Kevin Aller, chief of public service, says the site has a favorable elevation and is 1,200 feet from the nearest homes. Still, many said the 125-foot-high tower would ruin Centennial Terrace’s ambience.
After years of study and months of deliberating, Sylvania City Council on Monday decided to place a new 2 million-gallon elevated water tank in Fossil Park, in the city’s northwest corner.
The 7-0 vote was taken after council members listened for nearly two hours to a succession of residents who opposed the site.
Opponents said the 125-foot-high tower would destroy the ambience of Centennial Terrace and its popular outdoor dancing and music, as well as Fossil and Pacesetter parks, and would spoil the views from their homes.
They maintained there were better, less obtrusive locations for the water tower and collected several hundred signatures on petitions from residents who felt the same way.
Before the vote, one of the opponents, Pat Stark of Summer Place Drive, showed a video clip of a sunset at Centennial Terrace and told council members: “You’re going to ruin that sunset. You’re going to take away an asset of the city.”
But in the end, council was swayed by the engineering case made by the city’s services director, Kevin Aller, who said the site had a favorable elevation and other conditions and was 1,200 feet away from the nearest homes. Council did agree to move the site 100 yards west of the original location at the request of homeowners.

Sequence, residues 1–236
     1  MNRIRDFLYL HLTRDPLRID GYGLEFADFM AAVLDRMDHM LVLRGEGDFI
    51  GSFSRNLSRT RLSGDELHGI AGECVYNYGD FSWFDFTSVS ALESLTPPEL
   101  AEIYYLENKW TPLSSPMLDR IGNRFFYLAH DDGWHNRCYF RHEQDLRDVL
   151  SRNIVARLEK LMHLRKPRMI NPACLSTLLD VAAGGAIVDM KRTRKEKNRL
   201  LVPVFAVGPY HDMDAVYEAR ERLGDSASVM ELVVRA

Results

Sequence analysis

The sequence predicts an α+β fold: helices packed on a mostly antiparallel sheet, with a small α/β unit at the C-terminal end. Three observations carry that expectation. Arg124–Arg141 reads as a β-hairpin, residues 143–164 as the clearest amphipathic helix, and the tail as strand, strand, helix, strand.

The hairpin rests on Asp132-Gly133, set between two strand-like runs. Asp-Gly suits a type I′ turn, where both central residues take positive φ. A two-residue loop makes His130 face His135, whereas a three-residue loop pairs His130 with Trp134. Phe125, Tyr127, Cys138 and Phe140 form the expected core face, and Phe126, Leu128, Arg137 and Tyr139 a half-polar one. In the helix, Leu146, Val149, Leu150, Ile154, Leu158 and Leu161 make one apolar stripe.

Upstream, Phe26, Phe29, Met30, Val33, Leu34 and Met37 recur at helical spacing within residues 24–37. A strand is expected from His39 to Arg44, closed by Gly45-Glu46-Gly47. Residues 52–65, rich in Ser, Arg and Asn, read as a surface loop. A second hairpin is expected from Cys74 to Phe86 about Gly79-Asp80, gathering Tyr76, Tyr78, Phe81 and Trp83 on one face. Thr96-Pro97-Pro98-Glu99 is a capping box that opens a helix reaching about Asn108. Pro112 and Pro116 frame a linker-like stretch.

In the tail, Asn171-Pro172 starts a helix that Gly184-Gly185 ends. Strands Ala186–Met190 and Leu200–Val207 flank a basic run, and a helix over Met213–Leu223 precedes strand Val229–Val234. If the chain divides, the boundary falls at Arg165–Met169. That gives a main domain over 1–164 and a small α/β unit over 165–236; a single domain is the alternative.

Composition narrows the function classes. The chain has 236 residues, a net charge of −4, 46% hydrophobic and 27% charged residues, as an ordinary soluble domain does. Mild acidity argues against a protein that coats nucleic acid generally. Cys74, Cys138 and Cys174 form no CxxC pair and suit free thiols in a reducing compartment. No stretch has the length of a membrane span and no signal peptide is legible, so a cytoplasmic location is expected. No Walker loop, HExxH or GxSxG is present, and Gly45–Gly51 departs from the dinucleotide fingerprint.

Rosemary Thorn calls the 2 million-gallon tower a monstrosity and the 500,000-gallon Burnham tower a ‘toothpick’ in comparison.
Likewise, a proposed site at Flower Hospital was out of the question because the tower would pose a hazard to medical helicopters, he said.
A location at Veterans Memorial Park would be in the “backyards” of homeowners in that neighborhood and require the replacement of heavy waterlines.
Mr. Aller said a ground-level storage facility would be a bad idea. “If you don’t have mountains or hills, you typically have elevated tanks,” he said.
Ground-level storage requires pumps, which could break down, he explained. An elevated tank uses gravity flow.
Opponents of the Fossil Park site, which is between Centennial Road to the east and Sylvania-Metamora Road to the north, acknowledged Sylvania’s water system needs more capacity. It has a 500,000-gallon elevated tank at Burnham Park, in a residential area.
In the event of a power outage or other breakdown, the Burnham Park tank gave the city a six-hour water supply, Mr. Aller said.
With the addition of a 2 million-gallon elevated tank, the supply would increase to a full day — “a much better scenario,” Mr. Aller continued.
Carol Lindhuber, one of the handful of those at the meeting who supported the location at Fossil Park, says she knows the city needs the tower and she has no problem with the proposed site.
Opponents remained insistent that Fossil Park was a terrible location.
“This thing is a monstrosity,” said Rosemary Thorn of Winterhaven Drive, adding that the tower at Burnham Park was “a toothpick” compared to the new one.
The Fossil Park site did have a handful of supporters, one of whom, Carol Lindhuber of Brandy Lane, said, “I know we need the tower very badly. I have no problem with the proposed location.”
Afterward, Mr. Stark said he believed the vote had been a foregone conclusion.
Contact Carl Ryan at: firstname.lastname@example.org or 419-724-6095.